Hospital 'starves' isolated patient for three days

A heavily pregnant Kgopotso Hlatshwayo of Meadowlands, Soweto. /Veli Nhlapo
A heavily pregnant Kgopotso Hlatshwayo of Meadowlands, Soweto. /Veli Nhlapo

A heavily pregnant Soweto woman relived her "nightmare" at a local hospital where she says she was treated with disdain and denied food for three days in isolation because she displayed symptoms of Covid-19.

Kgopotso Hlatshwayo is also heartbroken about the humiliation she was subjected to by her community, who suspected that she tested positive to the deadly coronavirus.

Hlatshwayo was admitted at Bheki Mlangeni District Hospital in Jabulani, Soweto, on April 22 for dizziness and fatigue due to pregnancy.

The 32-year-old mother of one said nurses deprived her of food, and she could not receive food from her family as they were denied entry to her ward.

Hlatshwayo, who is eight months pregnant, said her nightmare began when she started to display Covid-19-like symptoms.

"No-one [at the hospital] wanted to do anything with me," she told Sowetan yesterday.

"They were convinced that I'm coronavirus positive when I started to struggle to breath and sneezed a lot. This is because I have a history of sinusitis."

Hlatshwayo's family took her to the hospital when she became dizzy.

"I'm heavily pregnant, so I was feeling dizzy and weak at the same time.

"So, my family took me to this hospital not knowing that my stay there would be nothing but a nightmare," Hlatshwayo said.

After she displayed symptoms deemed similar to those of the deadly Covid-19 she was moved to an isolation ward on April 28 and a doctor suggested that she should be tested.

She said nurses treated her like a leper in self-isolation.

"No-one wanted to do anything with me because they feared that they would contract Covid-19 if they came close to me.

"So, I was deprived of food because no-one wanted to come close to me. This happened for three-long days.

"It was very disheartening to see other patients through the glass door receiving food but not me.

"At the beginning I thought they were serving patients in the other ward first and that I would be the last.

"I finished my isolation without food. But from the evening of April 28, the day I was moved to the isolation ward, I didn't get food.

"I felt powerless as I was shouted at and told to go lie still in bed. I was treated like a child. I heard them shouting that I wanted to infect the whole hospital with my deadly disease; that tore me inside."

Hlatshwayo's sister, Duduzile Mathebula, said they were pained when they got a call from her crying of hunger and being ill-treated at the hospital.

"We cooked food but we were turned away more than three times and told that no visitors or food from outside was allowed," Mathebula said.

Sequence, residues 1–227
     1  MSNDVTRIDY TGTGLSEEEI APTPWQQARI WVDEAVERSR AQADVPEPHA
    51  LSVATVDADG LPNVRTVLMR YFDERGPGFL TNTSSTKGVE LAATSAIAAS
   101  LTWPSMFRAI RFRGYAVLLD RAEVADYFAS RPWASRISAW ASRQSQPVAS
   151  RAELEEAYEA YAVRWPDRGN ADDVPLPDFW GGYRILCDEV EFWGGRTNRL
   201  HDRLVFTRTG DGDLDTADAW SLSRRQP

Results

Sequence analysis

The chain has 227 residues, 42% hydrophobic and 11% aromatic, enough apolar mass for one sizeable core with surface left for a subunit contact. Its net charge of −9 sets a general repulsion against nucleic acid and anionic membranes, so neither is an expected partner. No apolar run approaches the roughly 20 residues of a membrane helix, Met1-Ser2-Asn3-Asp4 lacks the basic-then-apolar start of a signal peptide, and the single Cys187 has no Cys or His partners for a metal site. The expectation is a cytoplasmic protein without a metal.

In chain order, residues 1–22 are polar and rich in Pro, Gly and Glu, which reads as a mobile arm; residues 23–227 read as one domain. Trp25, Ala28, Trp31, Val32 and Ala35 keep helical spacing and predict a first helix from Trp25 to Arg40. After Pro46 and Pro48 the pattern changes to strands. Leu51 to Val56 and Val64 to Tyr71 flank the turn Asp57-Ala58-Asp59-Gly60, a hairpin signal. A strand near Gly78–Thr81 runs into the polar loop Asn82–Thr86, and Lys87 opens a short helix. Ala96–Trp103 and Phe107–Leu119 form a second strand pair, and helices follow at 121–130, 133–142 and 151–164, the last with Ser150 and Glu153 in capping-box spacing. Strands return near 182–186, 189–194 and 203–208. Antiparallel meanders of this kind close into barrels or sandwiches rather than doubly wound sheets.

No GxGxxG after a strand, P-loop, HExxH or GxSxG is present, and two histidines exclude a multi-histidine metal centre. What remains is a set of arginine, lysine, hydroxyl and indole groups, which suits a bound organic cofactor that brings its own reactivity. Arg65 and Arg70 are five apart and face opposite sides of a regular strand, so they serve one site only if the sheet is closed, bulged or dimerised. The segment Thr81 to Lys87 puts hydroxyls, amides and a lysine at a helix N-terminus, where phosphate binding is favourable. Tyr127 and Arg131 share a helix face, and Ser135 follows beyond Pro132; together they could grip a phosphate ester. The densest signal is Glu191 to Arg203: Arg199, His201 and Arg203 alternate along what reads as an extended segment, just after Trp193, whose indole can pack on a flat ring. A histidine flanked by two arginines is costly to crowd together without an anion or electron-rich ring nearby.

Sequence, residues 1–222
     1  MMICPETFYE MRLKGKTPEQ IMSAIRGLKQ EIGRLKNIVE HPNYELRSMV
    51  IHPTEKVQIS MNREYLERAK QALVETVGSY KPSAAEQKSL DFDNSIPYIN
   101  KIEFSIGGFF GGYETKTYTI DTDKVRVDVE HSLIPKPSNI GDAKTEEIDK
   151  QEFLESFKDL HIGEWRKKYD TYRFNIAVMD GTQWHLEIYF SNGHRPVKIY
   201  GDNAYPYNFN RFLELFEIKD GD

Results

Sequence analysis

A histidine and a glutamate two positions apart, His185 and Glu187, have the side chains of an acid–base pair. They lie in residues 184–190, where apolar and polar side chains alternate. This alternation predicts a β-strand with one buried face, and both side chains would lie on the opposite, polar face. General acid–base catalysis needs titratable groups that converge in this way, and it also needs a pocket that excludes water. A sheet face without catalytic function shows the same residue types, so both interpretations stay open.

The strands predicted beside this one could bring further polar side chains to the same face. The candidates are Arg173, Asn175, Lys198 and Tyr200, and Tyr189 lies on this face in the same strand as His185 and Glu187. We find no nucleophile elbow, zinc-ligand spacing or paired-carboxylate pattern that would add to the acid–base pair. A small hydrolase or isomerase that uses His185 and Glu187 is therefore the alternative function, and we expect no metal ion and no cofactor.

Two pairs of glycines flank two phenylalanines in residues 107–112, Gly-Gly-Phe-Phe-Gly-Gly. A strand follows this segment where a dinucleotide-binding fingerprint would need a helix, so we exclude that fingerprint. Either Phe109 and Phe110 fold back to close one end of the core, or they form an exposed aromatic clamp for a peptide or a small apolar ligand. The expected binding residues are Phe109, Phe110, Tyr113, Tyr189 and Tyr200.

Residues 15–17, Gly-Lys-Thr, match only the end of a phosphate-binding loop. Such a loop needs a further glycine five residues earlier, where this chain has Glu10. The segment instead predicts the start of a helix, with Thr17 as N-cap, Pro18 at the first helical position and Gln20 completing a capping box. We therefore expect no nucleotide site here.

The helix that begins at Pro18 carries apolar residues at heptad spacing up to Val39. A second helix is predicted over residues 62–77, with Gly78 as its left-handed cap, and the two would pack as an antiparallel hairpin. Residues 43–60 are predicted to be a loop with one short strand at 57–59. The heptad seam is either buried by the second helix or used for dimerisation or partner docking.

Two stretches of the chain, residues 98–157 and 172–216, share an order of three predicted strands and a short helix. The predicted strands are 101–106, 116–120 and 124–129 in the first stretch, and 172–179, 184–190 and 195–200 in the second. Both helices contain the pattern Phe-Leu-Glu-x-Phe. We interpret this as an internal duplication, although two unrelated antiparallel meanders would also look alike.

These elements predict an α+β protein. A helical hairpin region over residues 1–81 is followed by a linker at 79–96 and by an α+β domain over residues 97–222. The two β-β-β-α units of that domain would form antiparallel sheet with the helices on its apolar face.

She said talking to her on the phone made them powerless as she sobbed for food for two days.

Mathebula also said the family was distressed by the presence of police at their house.

"There were a lot of police and metro police vehicles and paramedics dressed in high-protective gear looking for my sister. They said she escaped from hospital and that she contracted Covid-19."

Mathebula said when her sister arrived home she was further victimised by people in the neighbourhood who swore at her, accusing her of bringing diseases to the area.

"My sister was not even allowed to get to the house. She was forced into the ambulance and she was forcefully driven back to the hospital."

Mathebula added that her sister was victimised again when she arrived at the hospital gates, when nurses cursed and called her names.

She said this happened despite Hlatshwayo's tests results coming back negative. They later told her to let bygones be bygones and stop stressing for the sake of her unborn baby.

"The clinical manager at the hospital blatantly told her to 'drop the whole drama' because she was still going to need to use the same hospital to deliver her child. That was a clear threat and intimidation."

A neighbour, who did not want her name to be mentioned, said she and other residents still found it difficult to accept Hlatshwayo back to the community because they suspected she had contracted the deadly virus.

Another neighbour, Zwelihle Nhlapho, described how Hlatshwayo was manhandled by the police: "One metro police grabbed her by her wrist after she tried to explain herself. I did not hear what she was saying to the officer.

"While she was still explaining, three paramedics lifted her into the ambulance while she was sobbing. The ambulance and police vehicle sped off with sirens on."

Gauteng department of health spokesperson Kwara Kekana said staff members at the hospital went through Covid-19 training and that they were expected to be able to handle coronavirus patients. She said Hlatshwayo's complaint was addressed at the redress meeting at the hospital on May 22 with the staff.

Hlatshwayo is not chuffed - she wants to sue the hospital.

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